i've been criticized several times on this message board for recommending attorney representation. "jack consults with an attorney, of course he'll recommend one." so how does that disqualify the recommendation? if i worked for a neurologist and someone with a neuro problem approached me for input and i recommended a neurologist or neurosurgeon, would the fact that i consult with one mean the advice is unsound? who should i recommend for a nurse facing legal problems? a plumber? until i see more nurses coming out ahead than behind when representing themselves, one of the first recommendations i will continue to make is to seek legal representation by a qualified license defense attorney before doing anything else! if you don't have the money, borrow it (unless struggling to find work with a restricted license is no biggie). contact the bar association in your area or state to see if there are license defense (or administrative law) attorneys who do pro bono work. be very cautious about allowing uncle joe or your criminal defense attorney to represent you. the law is becoming specialized just like medicine. ot sure i'd want a dermatologist to treat my brain tumor.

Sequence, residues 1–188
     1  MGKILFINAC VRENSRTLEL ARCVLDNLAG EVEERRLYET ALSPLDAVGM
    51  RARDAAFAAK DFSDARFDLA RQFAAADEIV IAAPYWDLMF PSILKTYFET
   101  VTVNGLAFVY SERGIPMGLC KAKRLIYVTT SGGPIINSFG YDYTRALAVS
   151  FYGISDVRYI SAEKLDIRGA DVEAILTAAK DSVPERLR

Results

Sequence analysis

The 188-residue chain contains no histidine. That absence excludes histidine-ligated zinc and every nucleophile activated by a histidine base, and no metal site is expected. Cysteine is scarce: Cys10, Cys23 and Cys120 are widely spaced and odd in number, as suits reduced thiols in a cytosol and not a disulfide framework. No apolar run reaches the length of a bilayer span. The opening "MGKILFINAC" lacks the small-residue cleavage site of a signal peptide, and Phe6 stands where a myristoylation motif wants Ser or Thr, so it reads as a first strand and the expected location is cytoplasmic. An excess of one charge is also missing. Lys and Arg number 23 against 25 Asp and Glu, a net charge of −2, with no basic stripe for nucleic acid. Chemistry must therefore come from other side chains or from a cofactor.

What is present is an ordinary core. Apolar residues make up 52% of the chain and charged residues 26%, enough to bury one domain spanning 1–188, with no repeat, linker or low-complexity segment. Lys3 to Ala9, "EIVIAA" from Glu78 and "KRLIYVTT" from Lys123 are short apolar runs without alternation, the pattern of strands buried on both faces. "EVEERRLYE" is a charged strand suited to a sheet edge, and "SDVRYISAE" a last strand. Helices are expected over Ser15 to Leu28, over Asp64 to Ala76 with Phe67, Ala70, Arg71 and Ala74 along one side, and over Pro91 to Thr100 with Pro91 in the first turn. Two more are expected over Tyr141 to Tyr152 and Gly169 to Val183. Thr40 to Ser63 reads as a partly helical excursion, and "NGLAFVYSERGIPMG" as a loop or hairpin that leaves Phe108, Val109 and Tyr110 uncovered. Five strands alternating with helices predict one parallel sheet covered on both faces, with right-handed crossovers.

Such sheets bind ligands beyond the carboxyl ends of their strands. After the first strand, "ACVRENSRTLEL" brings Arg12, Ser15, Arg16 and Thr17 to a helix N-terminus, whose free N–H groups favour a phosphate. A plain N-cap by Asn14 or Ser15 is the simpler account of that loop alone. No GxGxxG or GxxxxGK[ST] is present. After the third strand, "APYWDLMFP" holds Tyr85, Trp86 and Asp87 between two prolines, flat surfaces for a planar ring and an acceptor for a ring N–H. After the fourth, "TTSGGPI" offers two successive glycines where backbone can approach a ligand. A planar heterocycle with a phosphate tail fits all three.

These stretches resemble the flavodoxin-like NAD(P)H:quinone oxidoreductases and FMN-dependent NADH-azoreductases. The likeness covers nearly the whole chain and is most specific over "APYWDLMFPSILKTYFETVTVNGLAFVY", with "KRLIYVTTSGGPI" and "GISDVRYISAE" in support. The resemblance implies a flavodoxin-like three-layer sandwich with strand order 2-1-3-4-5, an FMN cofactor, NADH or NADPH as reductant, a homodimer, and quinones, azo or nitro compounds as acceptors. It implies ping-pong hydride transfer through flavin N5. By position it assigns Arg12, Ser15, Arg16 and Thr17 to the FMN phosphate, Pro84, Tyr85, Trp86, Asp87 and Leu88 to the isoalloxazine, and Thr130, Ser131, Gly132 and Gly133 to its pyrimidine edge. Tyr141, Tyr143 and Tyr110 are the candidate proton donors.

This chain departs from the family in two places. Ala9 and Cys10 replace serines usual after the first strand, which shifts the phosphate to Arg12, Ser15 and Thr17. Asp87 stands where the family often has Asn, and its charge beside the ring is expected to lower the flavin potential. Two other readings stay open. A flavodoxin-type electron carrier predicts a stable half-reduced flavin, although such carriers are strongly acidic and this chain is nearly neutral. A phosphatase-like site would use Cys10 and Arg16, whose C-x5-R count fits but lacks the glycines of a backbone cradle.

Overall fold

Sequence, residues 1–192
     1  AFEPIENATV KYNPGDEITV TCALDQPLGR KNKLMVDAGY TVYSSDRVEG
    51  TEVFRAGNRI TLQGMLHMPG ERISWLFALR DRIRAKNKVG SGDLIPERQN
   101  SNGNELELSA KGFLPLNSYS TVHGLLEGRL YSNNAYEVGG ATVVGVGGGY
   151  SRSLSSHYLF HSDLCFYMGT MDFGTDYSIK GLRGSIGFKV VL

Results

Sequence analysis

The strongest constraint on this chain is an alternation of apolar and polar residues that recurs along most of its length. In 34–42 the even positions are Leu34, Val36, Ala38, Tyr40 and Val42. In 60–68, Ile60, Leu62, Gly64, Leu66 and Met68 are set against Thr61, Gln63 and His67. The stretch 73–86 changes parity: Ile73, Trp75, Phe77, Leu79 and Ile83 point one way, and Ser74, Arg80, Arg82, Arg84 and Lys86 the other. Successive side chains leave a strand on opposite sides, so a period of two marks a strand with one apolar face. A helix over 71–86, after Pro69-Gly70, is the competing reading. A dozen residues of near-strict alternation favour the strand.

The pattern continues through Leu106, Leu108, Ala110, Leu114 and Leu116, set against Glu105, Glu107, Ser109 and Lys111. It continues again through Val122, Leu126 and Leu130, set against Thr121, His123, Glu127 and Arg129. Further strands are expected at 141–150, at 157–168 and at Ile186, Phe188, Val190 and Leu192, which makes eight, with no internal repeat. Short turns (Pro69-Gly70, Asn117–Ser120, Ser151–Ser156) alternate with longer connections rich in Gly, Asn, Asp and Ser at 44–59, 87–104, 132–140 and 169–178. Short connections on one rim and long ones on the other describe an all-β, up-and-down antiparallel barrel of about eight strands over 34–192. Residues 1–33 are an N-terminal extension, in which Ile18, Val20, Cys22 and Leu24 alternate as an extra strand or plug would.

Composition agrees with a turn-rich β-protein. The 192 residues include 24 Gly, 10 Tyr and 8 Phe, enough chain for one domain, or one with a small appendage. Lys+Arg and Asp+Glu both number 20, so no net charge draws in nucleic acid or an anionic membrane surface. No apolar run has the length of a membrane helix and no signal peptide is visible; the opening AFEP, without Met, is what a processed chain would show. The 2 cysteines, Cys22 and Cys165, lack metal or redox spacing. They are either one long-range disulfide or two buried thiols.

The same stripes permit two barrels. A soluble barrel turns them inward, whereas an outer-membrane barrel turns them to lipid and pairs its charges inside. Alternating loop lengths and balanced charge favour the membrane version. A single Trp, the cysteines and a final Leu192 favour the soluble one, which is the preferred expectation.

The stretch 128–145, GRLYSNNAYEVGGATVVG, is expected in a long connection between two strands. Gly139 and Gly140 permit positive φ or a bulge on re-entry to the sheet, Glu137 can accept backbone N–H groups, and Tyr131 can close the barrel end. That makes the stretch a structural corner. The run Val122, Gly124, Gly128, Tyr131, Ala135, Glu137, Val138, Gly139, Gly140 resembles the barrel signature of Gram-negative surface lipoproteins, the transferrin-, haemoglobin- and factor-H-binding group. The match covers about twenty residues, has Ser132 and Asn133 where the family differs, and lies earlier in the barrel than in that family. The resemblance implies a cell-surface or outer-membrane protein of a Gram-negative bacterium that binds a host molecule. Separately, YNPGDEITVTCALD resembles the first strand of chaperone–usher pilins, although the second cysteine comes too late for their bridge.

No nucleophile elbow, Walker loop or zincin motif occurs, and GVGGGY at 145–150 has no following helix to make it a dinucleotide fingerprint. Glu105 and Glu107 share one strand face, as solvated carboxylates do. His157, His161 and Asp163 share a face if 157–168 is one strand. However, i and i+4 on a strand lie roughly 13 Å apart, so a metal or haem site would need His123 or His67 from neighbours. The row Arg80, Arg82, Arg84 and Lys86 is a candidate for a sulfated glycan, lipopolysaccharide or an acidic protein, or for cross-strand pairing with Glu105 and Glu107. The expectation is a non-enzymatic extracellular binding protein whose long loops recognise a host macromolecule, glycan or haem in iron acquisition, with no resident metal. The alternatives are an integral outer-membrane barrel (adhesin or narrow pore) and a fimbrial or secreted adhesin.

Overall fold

jack

    you're worth it!

    jack
    lhowell4, genaa75, and lifeistweet like this.
  2. 1
    Jack - agree wholeheartedly - the second you get accepted to nursing school, you should pay the bucks for your own private malpractice policy. The most important part of this insurance policy is legal representation when/if you have a board of nursing hearing or even think you might have a board of nursing hearing.

    The BON hears/sees all complaints, all lawsuit settlements, etc.. Although, yes the majority of BON hearings seem to deal with impaired/diversion issues, there are many, many reason that a nurse can have a hearing.

    Do your homework when looking for an attorney: for instance, if your BON is in the big city in your state and you live hundreds of miles away, it will be cheaper for you to find an attorney in that big city where the BON is located - its much cheaper for you to drive to the big city than for the attorney to travel to see you.

    Do your research: ask prospective attorneys how many nurses/healthcare professionals they have represented at the BON and what outcomes did they get? This is like interviewing someone for a job - and its your career in many cases they are discussing.

    Never go it alone no matter what reason you go to the BON.

    (And no, I'm not affiliated with any attorney - lol).
    jackstem likes this.
  3. 0
    Quote from traumaRUs
    Jack - agree wholeheartedly - the second you get accepted to nursing school, you should pay the bucks for your own private malpractice policy. The most important part of this insurance policy is legal representation when/if you have a board of nursing hearing or even think you might have a board of nursing hearing.